Skip to main content
Premium Trial:

Request an Annual Quote

Invitae Acquires Ommdom's CancerGene Connect

NEW YORK (GenomeWeb) – Invitae said today that it has acquired health software developer Ommdom and its genomic management tool CancerGene Connect, an end-to-end platform for collecting and managing genetic family histories.

Under the terms of the agreement, Invitae acquired all Ommdom's outstanding capital stock in exchange for approximately $6 million in Invitae common stock.

According to Invitae, the acquisition expands its existing suite of technologies that help patients and clinicians use genetic information as part of mainstream medical care.

"The CancerGene Connect platform is unmatched for ease of use and depth of analysis, and has strong endorsement from clinicians who use it," Invitae CEO Sean George said in a statement.

Initially developed at UT Southwestern, CancerGene Connect is a cloud-based, mobile-friendly patient interface that prompts and guides users to gather their family history information prior to an appointment with a clinician.

Once an individual completes entering their information, clinicians can then use the platform to evaluate hereditary risk, analyze a patient's predisposition to disease, and make decisions about further genetic testing or medical treatment. Physicians can also access data and study trends across all their patients that have used the portal.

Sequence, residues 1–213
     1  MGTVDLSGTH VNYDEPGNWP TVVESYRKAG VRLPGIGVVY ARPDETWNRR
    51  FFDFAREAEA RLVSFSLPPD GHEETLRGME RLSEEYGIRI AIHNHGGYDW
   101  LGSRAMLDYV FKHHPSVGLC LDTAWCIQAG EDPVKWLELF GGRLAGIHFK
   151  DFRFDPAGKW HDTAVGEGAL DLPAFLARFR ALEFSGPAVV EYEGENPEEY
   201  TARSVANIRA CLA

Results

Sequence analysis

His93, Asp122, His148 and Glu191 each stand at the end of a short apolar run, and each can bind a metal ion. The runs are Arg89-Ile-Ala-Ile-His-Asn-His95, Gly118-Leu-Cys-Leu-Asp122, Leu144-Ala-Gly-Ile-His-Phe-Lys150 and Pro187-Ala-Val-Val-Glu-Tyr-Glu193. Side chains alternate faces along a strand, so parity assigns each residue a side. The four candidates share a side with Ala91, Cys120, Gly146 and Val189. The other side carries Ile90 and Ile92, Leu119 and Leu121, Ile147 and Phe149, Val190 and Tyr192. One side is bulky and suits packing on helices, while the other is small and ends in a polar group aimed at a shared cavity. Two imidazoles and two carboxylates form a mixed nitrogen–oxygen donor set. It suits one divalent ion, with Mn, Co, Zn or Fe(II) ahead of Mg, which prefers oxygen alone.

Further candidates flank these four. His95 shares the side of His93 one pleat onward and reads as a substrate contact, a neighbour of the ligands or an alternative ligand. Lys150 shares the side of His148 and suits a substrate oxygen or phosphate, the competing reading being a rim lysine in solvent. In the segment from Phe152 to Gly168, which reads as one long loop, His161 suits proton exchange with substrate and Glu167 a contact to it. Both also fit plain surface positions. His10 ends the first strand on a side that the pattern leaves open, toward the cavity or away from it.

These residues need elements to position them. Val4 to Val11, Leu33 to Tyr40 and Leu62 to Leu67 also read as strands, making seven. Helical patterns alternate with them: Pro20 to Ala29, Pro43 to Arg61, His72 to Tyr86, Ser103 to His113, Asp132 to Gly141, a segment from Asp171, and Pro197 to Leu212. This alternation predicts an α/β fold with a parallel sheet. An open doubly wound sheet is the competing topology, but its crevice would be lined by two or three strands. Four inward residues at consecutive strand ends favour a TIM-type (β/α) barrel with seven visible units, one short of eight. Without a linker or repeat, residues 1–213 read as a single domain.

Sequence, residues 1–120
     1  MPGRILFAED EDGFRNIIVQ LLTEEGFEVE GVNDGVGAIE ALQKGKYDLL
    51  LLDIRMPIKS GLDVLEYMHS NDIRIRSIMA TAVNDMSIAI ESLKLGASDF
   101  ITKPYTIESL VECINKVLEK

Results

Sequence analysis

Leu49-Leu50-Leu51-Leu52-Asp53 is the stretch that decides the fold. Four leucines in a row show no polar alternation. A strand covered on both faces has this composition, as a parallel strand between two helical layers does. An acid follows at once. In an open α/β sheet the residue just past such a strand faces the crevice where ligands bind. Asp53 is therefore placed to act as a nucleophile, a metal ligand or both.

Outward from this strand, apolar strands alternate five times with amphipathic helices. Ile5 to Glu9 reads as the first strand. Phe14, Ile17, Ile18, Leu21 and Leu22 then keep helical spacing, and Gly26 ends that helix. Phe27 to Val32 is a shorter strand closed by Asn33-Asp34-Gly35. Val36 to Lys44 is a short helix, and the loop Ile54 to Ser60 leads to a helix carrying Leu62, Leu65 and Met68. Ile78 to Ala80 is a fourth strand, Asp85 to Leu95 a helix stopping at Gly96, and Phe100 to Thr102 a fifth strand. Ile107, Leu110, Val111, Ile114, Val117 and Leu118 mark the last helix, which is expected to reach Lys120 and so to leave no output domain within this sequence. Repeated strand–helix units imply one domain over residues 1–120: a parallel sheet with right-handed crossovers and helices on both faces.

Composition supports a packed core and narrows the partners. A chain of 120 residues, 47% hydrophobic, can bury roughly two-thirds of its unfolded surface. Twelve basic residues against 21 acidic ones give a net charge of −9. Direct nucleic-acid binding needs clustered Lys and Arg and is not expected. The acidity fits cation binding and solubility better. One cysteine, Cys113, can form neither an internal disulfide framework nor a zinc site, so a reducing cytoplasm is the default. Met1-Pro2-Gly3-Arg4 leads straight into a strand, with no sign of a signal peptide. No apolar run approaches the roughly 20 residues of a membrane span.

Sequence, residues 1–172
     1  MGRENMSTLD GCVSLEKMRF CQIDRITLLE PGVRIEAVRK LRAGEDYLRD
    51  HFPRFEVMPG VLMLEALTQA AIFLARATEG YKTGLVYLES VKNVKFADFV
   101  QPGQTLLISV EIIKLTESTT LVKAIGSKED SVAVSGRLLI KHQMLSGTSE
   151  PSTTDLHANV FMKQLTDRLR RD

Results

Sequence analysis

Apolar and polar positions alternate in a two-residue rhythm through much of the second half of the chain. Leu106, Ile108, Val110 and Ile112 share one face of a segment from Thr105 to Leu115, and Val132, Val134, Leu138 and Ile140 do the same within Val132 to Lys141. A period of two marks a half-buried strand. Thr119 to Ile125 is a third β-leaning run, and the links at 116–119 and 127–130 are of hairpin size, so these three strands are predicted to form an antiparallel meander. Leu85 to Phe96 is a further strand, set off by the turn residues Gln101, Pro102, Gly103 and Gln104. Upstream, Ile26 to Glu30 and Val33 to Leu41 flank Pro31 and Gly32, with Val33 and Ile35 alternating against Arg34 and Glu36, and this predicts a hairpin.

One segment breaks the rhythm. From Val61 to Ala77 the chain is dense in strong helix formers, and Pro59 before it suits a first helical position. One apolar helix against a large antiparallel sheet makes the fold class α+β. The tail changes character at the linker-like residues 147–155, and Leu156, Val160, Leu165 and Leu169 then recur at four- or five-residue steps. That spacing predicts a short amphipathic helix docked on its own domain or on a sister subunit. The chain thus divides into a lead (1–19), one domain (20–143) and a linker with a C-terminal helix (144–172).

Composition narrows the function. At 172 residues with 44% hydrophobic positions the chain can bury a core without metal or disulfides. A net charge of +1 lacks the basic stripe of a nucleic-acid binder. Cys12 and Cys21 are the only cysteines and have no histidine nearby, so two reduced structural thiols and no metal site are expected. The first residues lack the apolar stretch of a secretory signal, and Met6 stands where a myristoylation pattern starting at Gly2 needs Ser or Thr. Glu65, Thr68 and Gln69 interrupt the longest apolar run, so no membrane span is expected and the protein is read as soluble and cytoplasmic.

The Scan

Study Links Genetic Risk for ADHD With Alzheimer's Disease

A higher polygenic risk score for attention-deficit/hyperactivity disorder is also linked to cognitive decline and Alzheimer's disease, a new study in Molecular Psychiatry finds.

Study Offers Insights Into Role of Structural Variants in Cancer

A new study in Nature using cell lines shows that structural variants can enable oncogene activation.

Computer Model Uses Genetics, Health Data to Predict Mental Disorders

A new model in JAMA Psychiatry finds combining genetic and health record data can predict a mental disorder diagnosis before one is made clinically.

Study Tracks Off-Target Gene Edits Linked to Epigenetic Features

Using machine learning, researchers characterize in BMC Genomics the potential off-target effects of 19 computed or experimentally determined epigenetic features during CRISPR-Cas9 editing.